depression, Fatigue, Gratitude, Health, medication side effects, Motivation, Pacing, Uncategorized

Listen To The Voices In Your Head

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In order to fight depression which is often comorbid with Chronic Pain & Illness, it is imperative that we try our best to maintain contact with the outside world. Some days, this is easier said then done. And so, the voices in your head begin.

I recently had an invitation to dinner with my newly married friend and another dear friend that I haven’t seen in quite awhile. The voices are telling me that in order to attend dinner I will need to rest all week to ensure that I would be able to drive an hour and a half to my home town. I was so excited but anxious at the same time. My precious daughter came over, firstly to puppy-sit and secondly to help me to stop stressing about getting dressed and worrying about my physical appearance. It took me over three hours to get myself organized and out the door.

Less then 30 minutes into the drive and severe pain kicked in. I was angry! The voices in my head were in argument overload. Should I keep driving or should I turn back now? I had not isolated myself and rested all week only to have to turn around and cancel an outing that happens so rarely. I was determined to arrive at my destination as promised. My positive voice won out. I chose to stop several times along the way, stretching, taking additional medication, arriving safe and sound, exhilarated to have made it. The pain was worth it. It was a blessing to see my friends. I don’t normally mix my medication with alcohol but I wanted to feel normal, I wanted to feel like my life was how I once remembered it. Working hard, post-grad studying, socializing and loving life. My voices need to stop reminding me of this past life and it’s experiences. That life now feels surreal, or is it the life that I now am embedded in that is surreal? I feel as if I am waiting for the next stage of life to begin….Hey, I’m more than ready!! There has to be more to life than taking too many tablets to list each day and working out strategies to make myself leave my apartment. (Between you and me, I’m losing on the last front over the past few weeks) You see it’s a catch 22. When I muster the determination to leave home, pain develops, which I accept, so additional medication is required, but I feel the immense joy of being part of the human race beyond my four walls. On a really bad day, I can be at the bank, hairdressers or sitting waiting for an appointment and the pain can become so severe so quickly that an ambulance needs to be called. It’s always a chance or risk that has to be taken upon leaving home. My voices therefore swing back and forth, which I’m now sensing is fear based, about getting out & about more often.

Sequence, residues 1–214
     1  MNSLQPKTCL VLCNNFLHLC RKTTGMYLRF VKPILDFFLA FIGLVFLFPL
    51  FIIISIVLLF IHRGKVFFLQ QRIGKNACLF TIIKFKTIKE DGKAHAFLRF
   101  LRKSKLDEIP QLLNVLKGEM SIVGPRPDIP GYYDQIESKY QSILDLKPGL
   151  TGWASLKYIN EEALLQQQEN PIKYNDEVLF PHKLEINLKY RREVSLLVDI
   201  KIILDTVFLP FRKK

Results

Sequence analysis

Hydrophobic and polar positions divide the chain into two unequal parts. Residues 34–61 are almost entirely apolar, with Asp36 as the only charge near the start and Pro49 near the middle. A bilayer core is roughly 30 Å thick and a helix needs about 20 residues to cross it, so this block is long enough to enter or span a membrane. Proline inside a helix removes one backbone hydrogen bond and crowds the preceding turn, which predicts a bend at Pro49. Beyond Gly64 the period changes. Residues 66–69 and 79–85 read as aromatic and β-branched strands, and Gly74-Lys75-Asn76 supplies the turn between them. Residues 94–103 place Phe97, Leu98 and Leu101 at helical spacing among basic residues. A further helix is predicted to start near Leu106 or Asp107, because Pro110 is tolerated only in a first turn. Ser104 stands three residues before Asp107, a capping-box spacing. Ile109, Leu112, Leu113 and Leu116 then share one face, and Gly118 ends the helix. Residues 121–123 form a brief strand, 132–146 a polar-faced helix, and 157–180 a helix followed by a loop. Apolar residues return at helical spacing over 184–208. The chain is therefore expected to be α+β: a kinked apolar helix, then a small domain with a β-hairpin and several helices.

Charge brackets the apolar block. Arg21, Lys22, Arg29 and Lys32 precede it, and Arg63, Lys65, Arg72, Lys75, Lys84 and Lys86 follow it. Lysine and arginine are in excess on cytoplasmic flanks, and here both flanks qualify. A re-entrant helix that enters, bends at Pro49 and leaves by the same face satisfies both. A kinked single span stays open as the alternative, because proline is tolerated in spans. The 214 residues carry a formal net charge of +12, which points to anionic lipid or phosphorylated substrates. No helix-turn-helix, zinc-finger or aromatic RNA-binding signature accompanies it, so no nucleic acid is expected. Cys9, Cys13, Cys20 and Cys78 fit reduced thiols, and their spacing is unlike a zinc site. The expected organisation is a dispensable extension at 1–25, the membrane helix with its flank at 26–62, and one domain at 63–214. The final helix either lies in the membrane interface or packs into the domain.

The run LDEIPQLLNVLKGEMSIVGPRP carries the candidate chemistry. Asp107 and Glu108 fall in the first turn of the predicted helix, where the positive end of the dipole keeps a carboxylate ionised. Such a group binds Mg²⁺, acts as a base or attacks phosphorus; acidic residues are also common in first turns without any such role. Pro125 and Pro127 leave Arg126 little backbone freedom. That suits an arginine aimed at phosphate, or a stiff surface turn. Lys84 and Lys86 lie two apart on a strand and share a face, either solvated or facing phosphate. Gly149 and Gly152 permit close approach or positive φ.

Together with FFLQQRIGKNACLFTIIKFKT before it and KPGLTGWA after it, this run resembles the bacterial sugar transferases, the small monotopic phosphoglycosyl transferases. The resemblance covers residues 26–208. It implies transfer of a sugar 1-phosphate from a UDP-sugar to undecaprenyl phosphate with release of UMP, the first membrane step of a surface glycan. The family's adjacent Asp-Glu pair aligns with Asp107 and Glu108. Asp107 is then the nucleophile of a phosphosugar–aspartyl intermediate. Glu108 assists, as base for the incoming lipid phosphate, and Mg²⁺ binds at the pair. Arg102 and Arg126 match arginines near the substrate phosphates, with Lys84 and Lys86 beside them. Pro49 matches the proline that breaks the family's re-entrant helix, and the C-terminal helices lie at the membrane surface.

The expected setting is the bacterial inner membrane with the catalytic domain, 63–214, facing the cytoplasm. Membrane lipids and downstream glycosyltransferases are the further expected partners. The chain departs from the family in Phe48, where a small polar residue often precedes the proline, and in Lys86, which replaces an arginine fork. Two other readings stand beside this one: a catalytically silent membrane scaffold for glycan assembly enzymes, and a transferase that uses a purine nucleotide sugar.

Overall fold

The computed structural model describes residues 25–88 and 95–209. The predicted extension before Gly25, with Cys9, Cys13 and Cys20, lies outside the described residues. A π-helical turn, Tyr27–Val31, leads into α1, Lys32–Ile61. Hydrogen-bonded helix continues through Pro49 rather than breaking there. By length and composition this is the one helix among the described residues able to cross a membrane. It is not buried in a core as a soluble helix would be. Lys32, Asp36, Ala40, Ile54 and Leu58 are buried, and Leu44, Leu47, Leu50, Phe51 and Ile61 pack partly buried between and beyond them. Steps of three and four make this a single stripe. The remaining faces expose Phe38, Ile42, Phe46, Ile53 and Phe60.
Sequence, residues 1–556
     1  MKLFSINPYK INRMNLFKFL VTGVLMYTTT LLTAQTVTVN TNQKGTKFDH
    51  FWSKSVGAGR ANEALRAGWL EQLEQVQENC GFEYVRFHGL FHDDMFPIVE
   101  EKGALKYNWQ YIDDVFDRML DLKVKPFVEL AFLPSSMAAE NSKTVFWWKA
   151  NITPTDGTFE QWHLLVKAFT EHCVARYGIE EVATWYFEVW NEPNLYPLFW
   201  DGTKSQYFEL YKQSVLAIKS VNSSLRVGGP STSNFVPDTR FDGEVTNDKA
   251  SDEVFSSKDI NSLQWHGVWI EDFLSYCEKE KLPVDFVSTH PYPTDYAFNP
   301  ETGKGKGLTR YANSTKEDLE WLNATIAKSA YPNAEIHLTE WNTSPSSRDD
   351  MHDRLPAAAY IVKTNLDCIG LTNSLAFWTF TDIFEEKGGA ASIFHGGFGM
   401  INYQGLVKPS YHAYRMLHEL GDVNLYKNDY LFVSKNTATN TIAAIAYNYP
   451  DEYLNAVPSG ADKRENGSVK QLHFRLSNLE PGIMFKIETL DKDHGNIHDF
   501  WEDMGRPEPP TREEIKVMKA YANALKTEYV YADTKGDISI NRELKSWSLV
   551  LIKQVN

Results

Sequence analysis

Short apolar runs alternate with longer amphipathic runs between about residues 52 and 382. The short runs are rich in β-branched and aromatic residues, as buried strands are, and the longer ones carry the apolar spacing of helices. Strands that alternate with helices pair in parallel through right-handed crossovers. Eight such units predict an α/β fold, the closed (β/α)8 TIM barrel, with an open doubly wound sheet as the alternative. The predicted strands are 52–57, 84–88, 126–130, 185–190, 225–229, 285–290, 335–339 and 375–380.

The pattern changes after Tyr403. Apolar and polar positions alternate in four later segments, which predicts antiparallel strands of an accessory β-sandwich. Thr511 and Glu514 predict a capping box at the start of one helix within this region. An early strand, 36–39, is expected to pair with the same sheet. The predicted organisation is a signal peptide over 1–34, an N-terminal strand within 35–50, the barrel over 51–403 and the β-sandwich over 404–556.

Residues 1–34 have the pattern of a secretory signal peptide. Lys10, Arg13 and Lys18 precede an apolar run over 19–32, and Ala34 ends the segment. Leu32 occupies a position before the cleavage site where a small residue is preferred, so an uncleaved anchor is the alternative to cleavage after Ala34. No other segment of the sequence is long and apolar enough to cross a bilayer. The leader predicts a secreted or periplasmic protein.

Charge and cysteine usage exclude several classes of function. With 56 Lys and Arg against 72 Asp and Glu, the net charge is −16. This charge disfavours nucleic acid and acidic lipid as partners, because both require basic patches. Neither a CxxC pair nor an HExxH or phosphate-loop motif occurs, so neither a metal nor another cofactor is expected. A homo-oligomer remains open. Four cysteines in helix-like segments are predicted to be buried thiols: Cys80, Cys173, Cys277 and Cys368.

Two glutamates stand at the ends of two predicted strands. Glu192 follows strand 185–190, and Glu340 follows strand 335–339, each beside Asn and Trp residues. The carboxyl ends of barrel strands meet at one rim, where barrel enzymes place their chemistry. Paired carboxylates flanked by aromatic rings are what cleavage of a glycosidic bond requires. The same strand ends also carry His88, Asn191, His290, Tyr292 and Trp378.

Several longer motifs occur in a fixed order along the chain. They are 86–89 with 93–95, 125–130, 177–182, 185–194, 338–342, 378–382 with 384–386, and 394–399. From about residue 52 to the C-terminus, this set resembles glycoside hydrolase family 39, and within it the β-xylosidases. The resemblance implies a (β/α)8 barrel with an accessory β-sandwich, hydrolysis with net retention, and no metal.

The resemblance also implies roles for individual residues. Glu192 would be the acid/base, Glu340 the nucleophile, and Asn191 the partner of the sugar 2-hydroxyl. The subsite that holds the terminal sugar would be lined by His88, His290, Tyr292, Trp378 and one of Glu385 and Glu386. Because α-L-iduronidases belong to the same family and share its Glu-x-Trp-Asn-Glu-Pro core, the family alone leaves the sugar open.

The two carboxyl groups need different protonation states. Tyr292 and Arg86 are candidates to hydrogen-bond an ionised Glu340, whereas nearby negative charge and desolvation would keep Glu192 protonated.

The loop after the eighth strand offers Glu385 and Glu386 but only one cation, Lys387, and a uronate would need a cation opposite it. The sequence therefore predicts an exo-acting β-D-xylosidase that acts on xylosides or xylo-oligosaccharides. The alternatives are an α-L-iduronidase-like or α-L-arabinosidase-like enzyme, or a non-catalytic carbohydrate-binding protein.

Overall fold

Following an outing and upon returning home, I require extra sleep over the next few days as a result of extra medication, the depression slowly kicks in again. Tragic cycle. My inner voices remind myself of the many positive aspects in my world that I have to be grateful for during these dark days. I write lists of activities that I want to achieve for motivation, and I blog. Although it is open for all to read, it feels great to have released my thoughts, knowing that there are others reading this post who can totally relate to how I am feeling. For readers who may not be ill or suffering, I’m hopeful that these posts can provide insight to how friends who are ill may be feeling, but who are unable to verbalise the voices in their head for you.

Health & Happiness 🙂

This little fellow never fails to brighten my day !!

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13 thoughts on “Listen To The Voices In Your Head”

  1. I agree with you. I don’t think I remember what it feels like to be “normal” anymore. Not after nearly 5 years of chronic pain from fibromyalgia. I’ve fought depression off and on throughout my life. So has my mother, although she has it worse since she’s bipolar. We both have voices in our head as you term it. Most days the positive voice wins out. The days it doesn’t are not fun days and the pain is usually at its worst. It’s hard to be positive when you’re in that much pain.